Career change is never easy. It involves starting over and walking away from a profession you’ve inevitably invested a lot of time into, not to mention having to try and explain your non-traditional career path to those people who favor professionals with traditional, linear career paths.
Over the past few years of coaching clients and speaking with audiences about career change, I’ve noticed some common mistakes that people can make when trying to execute a career change. I’ve fallen into these traps myself, so I know how easy it can be to get derailed by these tendencies.
#1: Waiting for Perfect Instead of Better
During those times in my career when I wasn’t feeling happy about my job, I caught myself wanting to find the “perfect” opportunity that addressed every single one of the issues I had in my role. After all, once you have a job you dislike, the last thing you want to do is to take another role like that.
For example, after arriving in the UK, I initially wanted to find a role at a healthy foods company, trying to align my work with my own personal values. I had grown tired of marketing things like cleaning products that I wasn’t that passionate about. The problem with this attitude is that I ended up turning away from options that could have been “good enough.” And that means burning a lot of time, patience, and energy waiting for the perfect opportunity to come.
I eventually landed in a role far from a healthy foods company–a luxury desserts company. And I took that role because it still ticked a lot of boxes for me–namely allowing me to gain a foothold in London, to transition from household goods into food, and to work on exciting projects I knew would serve me well in my marketing career.
What I learned from this experience is that you should try not to rule out roles that can still move you in the right direction, even if those roles may not fix every single issue you have with your current role. This at least gets you moving forward and moving in the right direction instead of staying stationary in exactly the wrong spot.
#2: Waiting For an “Ah-Ha!” Moment
Whenever I’ve had to make a major decision about where to take my career, I’ve often caught myself waiting for some major epiphany to hit me over the head, suddenly revealing what the right move is.
For example, when I was trying to decide whether to leave my corporate marketing role to launch my own career consultancy, I remember going for long walks in parks nearby, thinking that perhaps I would uncover some sort of illuminating “sign” to point me in the right direction.
However, what I found was that those signs often never come. That moment of epiphany is elusive, and instead, I ended up having to just make the most well-informed decision I could with the information I had, knowing that I might not get things exactly right.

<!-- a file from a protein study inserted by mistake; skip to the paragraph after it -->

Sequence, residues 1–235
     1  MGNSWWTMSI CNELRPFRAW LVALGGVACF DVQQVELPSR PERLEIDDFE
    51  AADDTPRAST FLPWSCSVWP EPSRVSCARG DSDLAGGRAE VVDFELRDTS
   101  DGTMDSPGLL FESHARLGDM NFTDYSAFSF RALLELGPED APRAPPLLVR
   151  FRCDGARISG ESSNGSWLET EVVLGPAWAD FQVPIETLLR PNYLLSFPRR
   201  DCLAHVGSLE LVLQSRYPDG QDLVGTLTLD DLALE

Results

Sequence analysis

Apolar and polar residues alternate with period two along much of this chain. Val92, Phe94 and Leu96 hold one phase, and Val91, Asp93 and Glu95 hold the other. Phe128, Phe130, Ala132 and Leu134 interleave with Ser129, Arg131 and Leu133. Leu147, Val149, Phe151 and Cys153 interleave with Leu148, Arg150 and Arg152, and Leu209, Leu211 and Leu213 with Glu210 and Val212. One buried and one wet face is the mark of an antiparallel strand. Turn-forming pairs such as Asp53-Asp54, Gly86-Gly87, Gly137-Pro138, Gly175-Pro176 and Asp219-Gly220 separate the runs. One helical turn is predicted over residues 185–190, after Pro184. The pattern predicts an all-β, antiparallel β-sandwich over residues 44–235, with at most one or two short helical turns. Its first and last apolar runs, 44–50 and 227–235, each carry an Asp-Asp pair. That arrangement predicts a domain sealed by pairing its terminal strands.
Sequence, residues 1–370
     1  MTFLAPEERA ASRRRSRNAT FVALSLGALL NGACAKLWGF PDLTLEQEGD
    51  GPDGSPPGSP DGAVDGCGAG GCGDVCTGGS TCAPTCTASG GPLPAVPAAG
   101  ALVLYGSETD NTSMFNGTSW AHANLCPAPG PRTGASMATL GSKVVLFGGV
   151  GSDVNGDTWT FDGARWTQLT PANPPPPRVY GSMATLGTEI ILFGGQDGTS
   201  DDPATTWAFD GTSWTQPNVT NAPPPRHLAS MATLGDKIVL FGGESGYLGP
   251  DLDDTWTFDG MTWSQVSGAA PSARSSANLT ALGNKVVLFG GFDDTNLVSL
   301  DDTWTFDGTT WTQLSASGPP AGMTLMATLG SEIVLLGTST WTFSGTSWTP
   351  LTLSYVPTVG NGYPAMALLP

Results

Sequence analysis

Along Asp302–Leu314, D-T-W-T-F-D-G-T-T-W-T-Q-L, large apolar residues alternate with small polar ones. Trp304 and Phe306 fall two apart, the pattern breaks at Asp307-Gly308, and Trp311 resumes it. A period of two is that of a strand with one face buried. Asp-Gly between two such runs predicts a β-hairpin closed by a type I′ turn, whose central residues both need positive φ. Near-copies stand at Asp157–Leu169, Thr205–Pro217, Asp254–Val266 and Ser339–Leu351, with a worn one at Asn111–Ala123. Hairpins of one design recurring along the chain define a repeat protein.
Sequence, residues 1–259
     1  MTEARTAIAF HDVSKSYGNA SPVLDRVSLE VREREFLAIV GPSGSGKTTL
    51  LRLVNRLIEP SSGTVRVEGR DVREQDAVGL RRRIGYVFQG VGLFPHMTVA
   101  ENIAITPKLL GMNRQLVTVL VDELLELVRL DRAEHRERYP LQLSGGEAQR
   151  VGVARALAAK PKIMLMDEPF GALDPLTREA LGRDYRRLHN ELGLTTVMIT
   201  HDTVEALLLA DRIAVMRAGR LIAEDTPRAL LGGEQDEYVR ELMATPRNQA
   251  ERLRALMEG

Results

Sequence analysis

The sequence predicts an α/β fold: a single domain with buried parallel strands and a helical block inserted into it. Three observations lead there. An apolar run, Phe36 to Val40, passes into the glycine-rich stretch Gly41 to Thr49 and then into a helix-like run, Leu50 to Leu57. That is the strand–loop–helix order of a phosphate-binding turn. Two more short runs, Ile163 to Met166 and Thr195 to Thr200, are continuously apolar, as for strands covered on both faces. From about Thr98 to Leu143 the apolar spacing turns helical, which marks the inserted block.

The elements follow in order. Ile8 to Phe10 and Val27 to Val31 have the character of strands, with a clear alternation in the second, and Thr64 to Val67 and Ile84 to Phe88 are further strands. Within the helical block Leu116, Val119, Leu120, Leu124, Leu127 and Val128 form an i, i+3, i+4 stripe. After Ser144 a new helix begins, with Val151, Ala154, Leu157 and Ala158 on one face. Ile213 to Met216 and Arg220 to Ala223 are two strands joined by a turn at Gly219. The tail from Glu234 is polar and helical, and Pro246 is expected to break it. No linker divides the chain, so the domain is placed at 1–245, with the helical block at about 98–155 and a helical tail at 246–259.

I eventually picked a time that felt right enough to leave my role behind, and just figured out how to make it work no matter what.
What I’ve learned during these career intersections is that moments of epiphany are rare, that big career decisions are ones you have to make even when the path forward isn’t clear cut.
#3: Figuring Everything Out On Your Own
After I dropped out of medical school after only two weeks at the Georgetown School of Medicine, I felt pretty ashamed of myself. So ashamed in fact that I hesitated to reach out to others to help me figure out my next steps. I actually remember isolating myself for several months to try and figure things out on my own so I could reemerge with a master plan in place that I could be proud of.
Unfortunately, trying to figure everything out on my own left me feeling even more lost. Sometimes, during the most confusing moments of change in our careers, it can be incredibly helpful to have a conversation with someone else who’s been there, someone who’s successfully executed a similar change themselves.
I ended up talking with a lot of alumni and mentors in the DC area I had met from former professional experiences who shared anecdotes, lessons learned, and advice that really helped shed just enough light on my situation to help me take some clear steps forward toward my next role.
#4: Giving Up Too Early
Being patient and realistic with my expectations is something I constantly have to remind myself of, especially now that I’m a business owner. After I first launched my podcast Career Relaunch, I was so excited to put my voice out into the world with these career change stories I thought were quite compelling. I expected, or at least hoped, my podcast would gain global traction very quickly.
However, the reality was that very few people listened to Career Relaunch when during the first weeks it launched. Even though I knew that making it as a “top” podcast is extremely difficult, I was still disappointed when I wasn’t getting the audience I had expected right away.
I had to temper my expectations and remind myself that even the most successful people out there first had to put in their 20 Mile March to have their career breakthrough. Persistence pays off.
This mindset actually allowed me to stay persistent until my podcast got a series of breakthroughs when it was featured in Forbes then Glassdoor and Business Insider. But reaching this point took hanging in there just a little bit longer even when I felt like throwing in the towel.
Hang in there
You never know when you’ll have your breakthrough, and you never know what small steps along the way will eventually culminate in the career change you desire. So make those small changes to move yourself in the right direction, act when you feel ready enough, ask for help, and hang in there during those times when you feel like you have nothing left to give. Career change is hard, but with enough patience and persistence, I’m confident you can create the changes you desire for yourself.
Hear more of my thoughts on career change mistakes to avoid
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